Brody: “It was super cold, dude…like the coldest. But it was amazing. When I watch that part of the episode I get the chills. It was so special to be a part of. I feel lucky.”

Chris: “If it were three degrees colder, camera equipment probably would not have worked. Everything and everyone was right on the edge of not working. It was not the worst but not the best either. Seeing the photos in Banff on the big screen was a holy-shit moment. Pretty incredible and mind blowing.”

PO: And the eclipse?

Cody: “The most surreal thing I’ve ever seen in my life. Everything around me went into sci-fi world. I felt like I was on another planet. The world turned into different waves of light pulsating on the ground. The colors were dancing across the snow. We were losing our minds. It was like being in Star Wars.”

Brody: “It was the coolest thing I’ve ever seen. It was like there was a projector coming from the sun shooting these quick moving flames all over the snow. Once we got the shot we were told by the film crew to just enjoy it—so we did, together. And we all freaked out. It was awesome.”

Chris: “I didn’t think it was going to happen so I didn’t put much thought into how it would be. I had no real expectations. It blew my mind. I see why the Mayans worshipped eclipses. It was the craziest event of my life. It was light I’ve never seen before—skipping, shimmering light everywhere. It’s the one moment I will remember forever…aside from the skiing. I had an animalistic reaction and started yelling.”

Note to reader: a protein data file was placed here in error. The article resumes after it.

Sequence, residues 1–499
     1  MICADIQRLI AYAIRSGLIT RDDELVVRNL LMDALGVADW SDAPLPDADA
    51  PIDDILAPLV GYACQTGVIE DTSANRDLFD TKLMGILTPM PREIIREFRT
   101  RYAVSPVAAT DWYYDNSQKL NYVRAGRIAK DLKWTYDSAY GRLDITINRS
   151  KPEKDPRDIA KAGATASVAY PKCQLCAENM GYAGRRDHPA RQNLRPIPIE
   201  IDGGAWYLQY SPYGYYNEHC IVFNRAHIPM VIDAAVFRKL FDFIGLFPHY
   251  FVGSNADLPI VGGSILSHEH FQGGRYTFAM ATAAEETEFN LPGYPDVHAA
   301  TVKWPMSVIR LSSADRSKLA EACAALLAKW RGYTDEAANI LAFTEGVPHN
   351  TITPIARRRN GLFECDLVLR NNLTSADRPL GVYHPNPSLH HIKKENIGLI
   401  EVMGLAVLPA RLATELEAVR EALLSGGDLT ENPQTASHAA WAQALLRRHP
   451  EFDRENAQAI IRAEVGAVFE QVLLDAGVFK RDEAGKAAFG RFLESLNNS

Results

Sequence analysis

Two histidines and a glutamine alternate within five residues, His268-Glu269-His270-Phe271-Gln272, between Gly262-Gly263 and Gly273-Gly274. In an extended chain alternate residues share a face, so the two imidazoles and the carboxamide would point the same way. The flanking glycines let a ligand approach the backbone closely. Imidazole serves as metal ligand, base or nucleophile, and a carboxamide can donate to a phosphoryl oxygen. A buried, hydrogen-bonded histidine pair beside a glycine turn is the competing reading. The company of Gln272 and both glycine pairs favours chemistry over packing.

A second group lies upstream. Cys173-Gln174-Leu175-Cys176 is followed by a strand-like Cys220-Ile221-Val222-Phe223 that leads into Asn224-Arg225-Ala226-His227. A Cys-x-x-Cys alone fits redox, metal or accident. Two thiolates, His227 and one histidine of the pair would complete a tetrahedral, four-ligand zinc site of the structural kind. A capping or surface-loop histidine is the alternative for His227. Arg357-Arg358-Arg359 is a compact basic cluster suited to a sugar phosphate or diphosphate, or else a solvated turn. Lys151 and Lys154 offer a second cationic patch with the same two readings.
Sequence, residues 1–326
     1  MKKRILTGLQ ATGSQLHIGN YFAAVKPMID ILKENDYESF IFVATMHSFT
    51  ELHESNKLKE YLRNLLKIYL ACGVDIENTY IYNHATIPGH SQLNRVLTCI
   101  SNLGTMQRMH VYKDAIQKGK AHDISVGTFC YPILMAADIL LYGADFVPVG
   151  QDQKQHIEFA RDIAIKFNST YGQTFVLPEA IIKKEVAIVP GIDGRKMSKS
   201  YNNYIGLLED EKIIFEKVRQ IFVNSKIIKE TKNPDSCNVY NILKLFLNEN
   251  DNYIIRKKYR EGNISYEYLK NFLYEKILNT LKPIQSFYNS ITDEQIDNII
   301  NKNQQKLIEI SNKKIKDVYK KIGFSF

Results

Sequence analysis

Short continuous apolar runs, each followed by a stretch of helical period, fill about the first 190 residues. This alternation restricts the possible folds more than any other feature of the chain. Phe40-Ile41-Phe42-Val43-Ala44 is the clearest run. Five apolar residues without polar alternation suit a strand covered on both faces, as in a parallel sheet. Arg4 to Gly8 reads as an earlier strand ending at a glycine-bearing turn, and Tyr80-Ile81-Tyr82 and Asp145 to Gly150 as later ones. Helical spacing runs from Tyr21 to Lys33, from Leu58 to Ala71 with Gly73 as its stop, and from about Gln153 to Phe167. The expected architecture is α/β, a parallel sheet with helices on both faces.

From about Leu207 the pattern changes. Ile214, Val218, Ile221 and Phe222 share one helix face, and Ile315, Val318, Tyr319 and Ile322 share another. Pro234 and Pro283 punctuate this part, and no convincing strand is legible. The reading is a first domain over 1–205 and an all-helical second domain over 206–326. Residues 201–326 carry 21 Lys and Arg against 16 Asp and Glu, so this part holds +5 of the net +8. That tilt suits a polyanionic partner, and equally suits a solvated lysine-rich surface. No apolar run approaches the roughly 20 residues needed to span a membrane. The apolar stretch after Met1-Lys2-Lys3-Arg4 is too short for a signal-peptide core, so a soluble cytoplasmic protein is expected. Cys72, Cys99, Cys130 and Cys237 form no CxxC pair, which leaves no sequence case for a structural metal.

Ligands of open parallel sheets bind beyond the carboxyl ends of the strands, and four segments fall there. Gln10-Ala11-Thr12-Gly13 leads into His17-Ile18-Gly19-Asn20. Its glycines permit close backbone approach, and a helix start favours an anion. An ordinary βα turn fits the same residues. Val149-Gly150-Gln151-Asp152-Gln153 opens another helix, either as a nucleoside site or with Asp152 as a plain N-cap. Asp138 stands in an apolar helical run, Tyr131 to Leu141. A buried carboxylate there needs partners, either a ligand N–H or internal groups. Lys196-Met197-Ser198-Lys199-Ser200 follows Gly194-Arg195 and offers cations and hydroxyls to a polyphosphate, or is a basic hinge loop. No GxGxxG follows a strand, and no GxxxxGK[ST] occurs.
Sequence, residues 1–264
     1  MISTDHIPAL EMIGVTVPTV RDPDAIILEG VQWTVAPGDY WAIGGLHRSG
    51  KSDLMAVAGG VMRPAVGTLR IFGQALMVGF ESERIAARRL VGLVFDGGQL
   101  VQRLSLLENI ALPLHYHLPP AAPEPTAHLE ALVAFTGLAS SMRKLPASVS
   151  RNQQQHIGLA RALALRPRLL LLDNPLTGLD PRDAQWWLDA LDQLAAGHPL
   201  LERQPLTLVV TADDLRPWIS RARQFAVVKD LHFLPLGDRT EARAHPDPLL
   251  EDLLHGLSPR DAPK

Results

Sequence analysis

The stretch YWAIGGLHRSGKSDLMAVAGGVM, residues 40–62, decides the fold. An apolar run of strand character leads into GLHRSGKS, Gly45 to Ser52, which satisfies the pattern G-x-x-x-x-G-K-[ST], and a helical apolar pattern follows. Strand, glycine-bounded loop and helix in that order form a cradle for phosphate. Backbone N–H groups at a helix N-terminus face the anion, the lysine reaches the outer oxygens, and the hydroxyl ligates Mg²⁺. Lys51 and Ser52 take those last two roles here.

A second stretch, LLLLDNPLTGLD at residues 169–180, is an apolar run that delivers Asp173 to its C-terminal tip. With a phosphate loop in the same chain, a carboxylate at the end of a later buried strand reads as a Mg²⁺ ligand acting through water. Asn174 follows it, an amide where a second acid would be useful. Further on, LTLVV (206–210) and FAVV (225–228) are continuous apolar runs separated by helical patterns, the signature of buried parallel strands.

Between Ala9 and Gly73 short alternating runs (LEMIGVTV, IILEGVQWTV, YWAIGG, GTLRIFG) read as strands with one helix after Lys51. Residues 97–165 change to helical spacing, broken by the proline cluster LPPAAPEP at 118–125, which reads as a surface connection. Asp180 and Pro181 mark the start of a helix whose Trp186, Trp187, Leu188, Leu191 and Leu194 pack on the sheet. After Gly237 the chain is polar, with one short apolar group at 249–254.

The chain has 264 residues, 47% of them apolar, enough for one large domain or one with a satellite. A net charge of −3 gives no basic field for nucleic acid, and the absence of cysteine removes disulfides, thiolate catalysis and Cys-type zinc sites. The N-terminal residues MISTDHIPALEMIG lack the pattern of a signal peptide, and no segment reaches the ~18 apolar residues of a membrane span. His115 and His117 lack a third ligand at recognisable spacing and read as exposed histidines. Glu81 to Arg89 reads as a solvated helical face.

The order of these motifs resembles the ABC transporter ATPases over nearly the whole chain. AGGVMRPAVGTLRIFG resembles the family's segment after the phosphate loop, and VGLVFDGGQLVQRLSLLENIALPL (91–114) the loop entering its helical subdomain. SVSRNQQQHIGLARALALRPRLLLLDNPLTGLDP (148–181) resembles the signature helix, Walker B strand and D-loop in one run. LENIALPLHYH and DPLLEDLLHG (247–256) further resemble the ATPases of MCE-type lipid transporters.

PO: What about the skiing? How was it?

Cody: “The skiing was actually really nice, cool climbing to wind-buff hard pack. But that really wasn’t the best part—it’s who you’re with, where you are, the context of it all. There were waves of extreme stoke and bliss that helped get through the cold. It all paid off. We were really lucky to go on this.”

Brody: “The skiing reminded me of Iceland, everything topped out, plateaued. It wasn’t the steepest or super techy but really, really fun when we had good weather. And a lot of couloirs, I mean a lot. I love the terrain there. I’d probably love it even more in, like, May.”

Chris: “There were insane lines. It was an inspiring place to ski and it was stacked. The Facebook Wall was the icing on the cake. E-Day was not the best skiing, not the cream of the crop but everything else was scratchy dustings and really good shreddable coastal northern.”

Cody: “The Facebook Wall was sweet. That’s why I went on the trip.”

Brody and Chris:

“Yup! Agreed.”

PO: What’s the takeaway from the trip?

Cody: “Why not do absurd things?! Creativity and greatness equal success. There’s a fine line between crazy and genius. It was so fucking rad. I felt bad for the people that didn’t go. The absurd can work out and the suffering can be worth it. The impossible can work and doing it sometimes is a must. I feel lucky, special. It’s a story I’ll remember forever.”

Brody: “I can’t believe we did that but it worked. This showed a great vision for our sport because it was about more than what we do—it wasn’t necessarily about the snow, the steeps, the remotest place. It was about unwavering motivation and creativity. This can appeal to everyone, more than just skiers.”

Chris: “The people are the takeaway. Everyone pitched in to make this happen. It was the ultimate shared experience and team effort. And for me it was the allure of a fantastic opportunity. You never know what your going to get. This was suffering with a remarkable payoff and a great sense of accomplishment. Always go, no matter what, even when things that aren’t 100 percent. That’s how you get unique experiences. You just don’t know until you go. We crave that which is different. We want to tell the crazy unique stories. Skiing, as a medium, to bring us to this is incredible, but this movie transcends skiing. This isn’t a normal idea.”